6.1 Area, Surface Area, Volume

Intro Lesson

Aws4 request&x amz signedheaders=host&x amz signature=e07faf07f620512d179be0237b5bf5d1f48b4fb7d0f007f6bea39ab891357dc5

Advertising Aged

How much of what you see is advertising? Students use decomposition to calculate the areas of irregularly shaped billboards from Times Square in 1938 and 2015 and describe how much of the visual field is occupied by advertisements.

Topic: Geometry (G), Number and Operations -- Fractions (NF)

Middle Lesson

Aws4 request&x amz signedheaders=host&x amz signature=5d306a4036536d7273268007817ef54de066aebda89b861f9c4f3341623495ea

Tricks of the Tray'd

What's the best way to design a food tray? Students calculate the volumes of rectangular prisms and use that information to design a cafeteria tray that looks good and holds a balanced meal.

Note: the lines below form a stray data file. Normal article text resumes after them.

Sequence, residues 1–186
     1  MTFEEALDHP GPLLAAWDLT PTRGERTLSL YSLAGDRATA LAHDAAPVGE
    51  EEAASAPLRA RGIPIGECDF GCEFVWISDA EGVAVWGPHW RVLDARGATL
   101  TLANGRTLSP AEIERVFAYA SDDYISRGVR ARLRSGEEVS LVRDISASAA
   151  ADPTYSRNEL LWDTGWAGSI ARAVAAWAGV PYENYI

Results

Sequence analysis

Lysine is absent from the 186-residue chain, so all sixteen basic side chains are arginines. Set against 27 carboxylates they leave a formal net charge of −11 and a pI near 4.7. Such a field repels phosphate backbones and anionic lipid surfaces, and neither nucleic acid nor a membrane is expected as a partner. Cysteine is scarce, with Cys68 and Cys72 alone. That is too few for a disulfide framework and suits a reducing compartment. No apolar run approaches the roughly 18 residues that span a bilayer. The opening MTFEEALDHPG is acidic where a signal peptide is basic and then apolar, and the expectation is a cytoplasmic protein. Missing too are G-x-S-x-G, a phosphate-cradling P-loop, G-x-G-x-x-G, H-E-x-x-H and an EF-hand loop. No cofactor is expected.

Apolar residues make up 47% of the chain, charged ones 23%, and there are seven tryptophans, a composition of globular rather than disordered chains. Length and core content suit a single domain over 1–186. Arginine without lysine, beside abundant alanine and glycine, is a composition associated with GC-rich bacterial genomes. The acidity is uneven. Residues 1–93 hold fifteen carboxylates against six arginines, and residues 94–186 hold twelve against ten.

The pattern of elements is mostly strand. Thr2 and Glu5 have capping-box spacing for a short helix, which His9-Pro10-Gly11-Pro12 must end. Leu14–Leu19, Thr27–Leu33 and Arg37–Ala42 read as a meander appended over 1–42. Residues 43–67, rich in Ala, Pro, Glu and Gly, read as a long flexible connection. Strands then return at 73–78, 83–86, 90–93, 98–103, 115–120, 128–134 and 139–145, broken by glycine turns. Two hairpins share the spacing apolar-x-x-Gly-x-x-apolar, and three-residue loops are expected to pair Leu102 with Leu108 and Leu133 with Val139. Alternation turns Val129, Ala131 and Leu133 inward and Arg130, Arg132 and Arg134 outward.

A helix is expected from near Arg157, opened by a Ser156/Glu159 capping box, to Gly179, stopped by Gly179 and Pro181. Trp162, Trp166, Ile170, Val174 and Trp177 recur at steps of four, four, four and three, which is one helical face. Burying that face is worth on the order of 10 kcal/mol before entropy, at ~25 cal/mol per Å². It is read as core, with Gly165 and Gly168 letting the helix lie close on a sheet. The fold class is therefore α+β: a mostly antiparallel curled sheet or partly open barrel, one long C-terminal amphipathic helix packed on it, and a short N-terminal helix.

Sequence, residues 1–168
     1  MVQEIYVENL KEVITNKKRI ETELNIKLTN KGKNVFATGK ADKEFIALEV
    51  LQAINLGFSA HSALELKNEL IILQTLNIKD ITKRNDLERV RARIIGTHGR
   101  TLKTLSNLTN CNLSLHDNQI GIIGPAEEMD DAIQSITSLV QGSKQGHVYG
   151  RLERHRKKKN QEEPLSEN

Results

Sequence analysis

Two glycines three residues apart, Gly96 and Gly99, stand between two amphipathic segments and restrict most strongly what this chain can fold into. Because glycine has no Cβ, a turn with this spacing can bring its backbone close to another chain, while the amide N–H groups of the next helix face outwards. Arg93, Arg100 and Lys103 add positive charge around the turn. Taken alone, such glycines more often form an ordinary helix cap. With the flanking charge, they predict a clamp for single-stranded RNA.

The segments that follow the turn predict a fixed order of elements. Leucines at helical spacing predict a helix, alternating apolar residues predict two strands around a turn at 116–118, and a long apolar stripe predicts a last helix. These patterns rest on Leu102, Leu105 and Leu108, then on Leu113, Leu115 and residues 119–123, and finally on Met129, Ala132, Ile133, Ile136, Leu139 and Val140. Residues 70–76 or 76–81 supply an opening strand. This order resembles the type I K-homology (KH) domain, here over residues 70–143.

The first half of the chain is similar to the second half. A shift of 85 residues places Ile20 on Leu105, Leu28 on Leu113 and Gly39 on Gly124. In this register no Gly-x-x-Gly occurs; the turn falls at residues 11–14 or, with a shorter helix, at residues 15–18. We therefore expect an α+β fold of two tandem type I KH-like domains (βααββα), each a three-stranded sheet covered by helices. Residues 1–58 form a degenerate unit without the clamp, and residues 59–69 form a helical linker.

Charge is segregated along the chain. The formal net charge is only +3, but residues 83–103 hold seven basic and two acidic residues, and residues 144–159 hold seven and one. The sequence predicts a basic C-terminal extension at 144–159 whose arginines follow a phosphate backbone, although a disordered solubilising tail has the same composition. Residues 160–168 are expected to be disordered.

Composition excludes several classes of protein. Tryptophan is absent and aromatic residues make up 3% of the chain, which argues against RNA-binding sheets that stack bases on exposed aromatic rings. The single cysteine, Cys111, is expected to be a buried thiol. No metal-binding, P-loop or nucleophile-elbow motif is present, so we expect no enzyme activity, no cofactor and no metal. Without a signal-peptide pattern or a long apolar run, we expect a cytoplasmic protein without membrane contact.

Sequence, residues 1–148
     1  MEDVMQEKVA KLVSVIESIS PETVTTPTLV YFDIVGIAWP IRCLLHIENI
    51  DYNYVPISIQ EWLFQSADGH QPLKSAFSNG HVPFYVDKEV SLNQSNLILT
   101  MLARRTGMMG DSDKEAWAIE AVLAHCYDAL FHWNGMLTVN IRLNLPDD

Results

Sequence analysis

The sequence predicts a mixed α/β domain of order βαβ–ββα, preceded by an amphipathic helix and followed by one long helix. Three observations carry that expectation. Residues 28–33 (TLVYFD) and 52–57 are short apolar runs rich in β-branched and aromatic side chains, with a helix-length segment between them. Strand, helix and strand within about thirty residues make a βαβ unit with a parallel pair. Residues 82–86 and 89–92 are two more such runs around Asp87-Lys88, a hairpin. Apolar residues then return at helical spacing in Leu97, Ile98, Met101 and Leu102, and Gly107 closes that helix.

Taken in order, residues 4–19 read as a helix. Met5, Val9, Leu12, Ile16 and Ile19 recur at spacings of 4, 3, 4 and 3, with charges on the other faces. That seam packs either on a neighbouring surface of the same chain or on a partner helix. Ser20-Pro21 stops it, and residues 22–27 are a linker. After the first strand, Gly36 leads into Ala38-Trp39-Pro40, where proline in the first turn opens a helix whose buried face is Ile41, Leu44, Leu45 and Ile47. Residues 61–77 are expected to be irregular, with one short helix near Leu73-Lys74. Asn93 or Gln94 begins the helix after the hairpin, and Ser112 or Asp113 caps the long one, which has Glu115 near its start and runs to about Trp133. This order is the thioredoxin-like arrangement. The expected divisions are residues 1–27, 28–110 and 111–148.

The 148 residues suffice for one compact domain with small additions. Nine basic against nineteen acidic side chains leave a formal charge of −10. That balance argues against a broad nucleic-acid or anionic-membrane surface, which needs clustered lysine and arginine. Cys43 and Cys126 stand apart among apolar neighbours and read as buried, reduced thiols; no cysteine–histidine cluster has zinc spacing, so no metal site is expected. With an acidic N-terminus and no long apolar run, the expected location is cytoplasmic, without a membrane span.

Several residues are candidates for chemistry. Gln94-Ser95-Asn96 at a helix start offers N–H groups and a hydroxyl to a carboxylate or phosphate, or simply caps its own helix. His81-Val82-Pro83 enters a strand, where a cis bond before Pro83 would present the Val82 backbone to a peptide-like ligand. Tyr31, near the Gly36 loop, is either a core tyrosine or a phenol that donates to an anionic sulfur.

Topic: Geometry (G)

Culminating Lesson

Aws4 request&x amz signedheaders=host&x amz signature=9171325a15ed548fbd0dda7763b702da5ceefc0351b60cb785e47e81c80319c4

Ice Cubed

What size ice cubes should you put in your drink? Students use surface area, volume, and rates to explore the relationship between the size of ice cubes and how good they are at doing their job: chilling.

Topic: Geometry (G), Ratios and Proportional Relationships (RP)